Brandon Segotta thought it would be funny to make "ipromisetoneverbuystarbucksagain" the Wi-Fi password at Verona Coffee Co., a new coffee shop in downtown Collinsville.
The manager had no idea that Starbucks would become engulfed in a national controversy two days later, when two black men were arrested at a Philadelphia location for sitting at a table without making a purchase.
It was a perfect opportunity for Segotta and his fiancee, Leah Thomason, who helps him at Verona, to emphasize that everyone is welcome at their coffee shop, and they can stay as long as they want.
"I feel like Collinsville really needed something like this, especially for people who aren't 21 yet," said Thomason, 24. "There were just bars downtown. Now people can come here and study or just hang out."
Verona opened April 10 in the front half of a storefront building at 101 E. Main St. The back half is occupied by Bert's Chuckwagon, a popular restaurant specializing in barbecue and Mexican food.
The coffee shop serves a variety of espresso-based hot and cold drinks — lattes, mochas, cappuccinos and Americanos — as well as Firepot nomadic teas and flavored iced teas.
"We partner with Kaldi's Coffee in St. Louis," said Segotta, 35. "They're our supplier and our technical support."
Verona also offers pastries baked by Segotta's sister, Shannon Conner. Her husband, Joel Conner, is the son of Roger Conner, longtime owner of Bert's Chuckwagon.
Shannon and Joel Conner own the coffee shop and the building. They formerly used the front half for a T-shirt store and later their photography business.
In the past two weeks, Verona customers have included stylists from Lox Salon Spa at 105 E. Main St.
"The girls are big coffee addicts, so they have enjoyed being able to go right next door," said Lox owner Lindsi Shafer, 30. "It's saved them trips to Starbucks."
Segotta trained and worked as a coffee roaster and barista in Colorado in his teens and early 20s before starting a flooring business with a friend and later selling insurance. But he never lost his passion for coffee.
That was evident earlier this week, when Segotta explained how "single-origin" drip coffee served at Verona differs from its house blend.
"That means it comes from one country in particular — right now that's Peru — and it comes from one farmer," he said. "It has more depth and a more distinct flavor because it's not a mixture of beans from different places.
"The one we have now has berry and chocolate notes to it. It's not a flavored coffee, but the volcanic activity in that region has enriched the soil."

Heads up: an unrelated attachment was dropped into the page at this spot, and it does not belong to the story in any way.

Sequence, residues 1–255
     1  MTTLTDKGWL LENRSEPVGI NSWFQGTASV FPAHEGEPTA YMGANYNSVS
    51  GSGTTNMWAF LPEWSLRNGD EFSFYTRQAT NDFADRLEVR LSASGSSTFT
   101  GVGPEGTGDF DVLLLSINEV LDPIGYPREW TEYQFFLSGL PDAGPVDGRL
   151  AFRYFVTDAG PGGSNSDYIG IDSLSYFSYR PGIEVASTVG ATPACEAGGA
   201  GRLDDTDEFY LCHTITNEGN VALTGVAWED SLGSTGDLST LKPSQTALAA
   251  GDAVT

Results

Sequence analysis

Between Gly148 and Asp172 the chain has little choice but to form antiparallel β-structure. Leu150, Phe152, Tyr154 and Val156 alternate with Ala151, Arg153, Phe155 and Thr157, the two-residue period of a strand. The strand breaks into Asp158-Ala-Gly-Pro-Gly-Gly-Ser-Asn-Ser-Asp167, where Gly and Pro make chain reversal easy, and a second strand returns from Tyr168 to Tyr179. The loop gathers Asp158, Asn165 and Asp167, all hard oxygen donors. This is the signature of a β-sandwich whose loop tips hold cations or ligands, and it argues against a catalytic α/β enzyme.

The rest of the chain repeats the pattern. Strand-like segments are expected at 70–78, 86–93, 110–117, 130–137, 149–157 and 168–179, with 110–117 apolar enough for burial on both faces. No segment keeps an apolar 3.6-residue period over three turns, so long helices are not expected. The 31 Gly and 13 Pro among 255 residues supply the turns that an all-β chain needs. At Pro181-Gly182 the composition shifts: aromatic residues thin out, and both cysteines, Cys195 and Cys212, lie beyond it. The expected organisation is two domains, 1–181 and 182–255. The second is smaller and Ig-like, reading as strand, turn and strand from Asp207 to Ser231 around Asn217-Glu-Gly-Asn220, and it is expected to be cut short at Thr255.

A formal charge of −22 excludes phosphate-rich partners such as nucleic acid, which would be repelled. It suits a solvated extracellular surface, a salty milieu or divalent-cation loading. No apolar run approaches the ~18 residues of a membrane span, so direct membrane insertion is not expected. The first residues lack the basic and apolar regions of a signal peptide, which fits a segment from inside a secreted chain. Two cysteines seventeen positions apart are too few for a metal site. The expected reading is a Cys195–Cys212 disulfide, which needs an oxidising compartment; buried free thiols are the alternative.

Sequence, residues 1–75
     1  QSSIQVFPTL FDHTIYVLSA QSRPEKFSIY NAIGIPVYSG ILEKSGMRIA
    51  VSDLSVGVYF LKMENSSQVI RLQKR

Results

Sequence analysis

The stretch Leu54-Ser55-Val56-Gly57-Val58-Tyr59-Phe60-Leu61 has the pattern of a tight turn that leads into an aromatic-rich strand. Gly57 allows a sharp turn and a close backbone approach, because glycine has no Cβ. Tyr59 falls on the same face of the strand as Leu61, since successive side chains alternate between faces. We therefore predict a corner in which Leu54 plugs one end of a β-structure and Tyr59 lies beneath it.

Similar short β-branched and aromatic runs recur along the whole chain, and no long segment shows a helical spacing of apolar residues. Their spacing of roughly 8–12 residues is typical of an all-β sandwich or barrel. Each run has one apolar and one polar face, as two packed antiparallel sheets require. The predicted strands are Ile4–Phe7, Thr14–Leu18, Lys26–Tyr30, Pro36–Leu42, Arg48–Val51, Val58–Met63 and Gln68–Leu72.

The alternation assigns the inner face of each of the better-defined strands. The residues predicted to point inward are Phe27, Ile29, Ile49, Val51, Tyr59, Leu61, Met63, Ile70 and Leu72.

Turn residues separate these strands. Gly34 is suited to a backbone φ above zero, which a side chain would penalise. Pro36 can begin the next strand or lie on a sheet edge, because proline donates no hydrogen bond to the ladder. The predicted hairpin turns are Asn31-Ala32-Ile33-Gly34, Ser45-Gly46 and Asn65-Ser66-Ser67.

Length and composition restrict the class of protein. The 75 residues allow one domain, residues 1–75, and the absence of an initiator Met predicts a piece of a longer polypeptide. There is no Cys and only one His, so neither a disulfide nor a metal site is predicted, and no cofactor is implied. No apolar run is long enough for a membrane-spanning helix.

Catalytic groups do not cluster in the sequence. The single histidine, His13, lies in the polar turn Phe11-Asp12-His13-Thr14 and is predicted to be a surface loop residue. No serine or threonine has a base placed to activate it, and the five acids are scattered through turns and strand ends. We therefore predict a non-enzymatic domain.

Segotta moved to Collinsville last year and spent nearly four months renovating the front half of the Conner building. He replaced the flooring, built a counter out of knotty pine and topped tables with art-deco tiles.
Verona also has comfy couches and chairs and a high-top bar with electrical outlets for laptops. Walls of windows give customers panoramic views of Main and Center streets.
The pastry case features rotating flavors of cookies and scones, but it always contains blueberry scones with lemon icing, as well as peanut butter energy bites (peanut butter, chocolate chips, oats, flaxseed, coconut and honey rolled into balls).
"My sister has some great recipes, and she's teaching me how to make them right now," Segotta said. "We're hoping to get some savory breakfast food in the morning, too."
Also on the chalkboard menu are Italian sodas, hot chocolates and flavored steamers.
On a recent morning, Jane Akin stopped in Verona for the first time with her husband, Tony. She ordered her old standby, a caramel latte, and loved it.
The couple had heard about the coffee shop from The Collinsville Connection Facebook page, where it has been getting rave reviews from local residents.
"I'm happy they're here," said Jane Akin, 54, of Maryville. "There's no place else to get coffee. I'd much rather patronize a small, locally-owned business than a mega-million-dollar national company."
Verona's hours will be 7 a.m. to 4 p.m. Mondays through Thursdays and 7 a.m. to 7 p.m. Fridays and Saturdays until it becomes more established.
Collinsville has a strong Italian-immigrant heritage, and the city attracts tens of thousands to its annual Italian Fest. The coffee shop is named after a city in Italy.
"It's where Romeo and Juliet lived," Segotta said.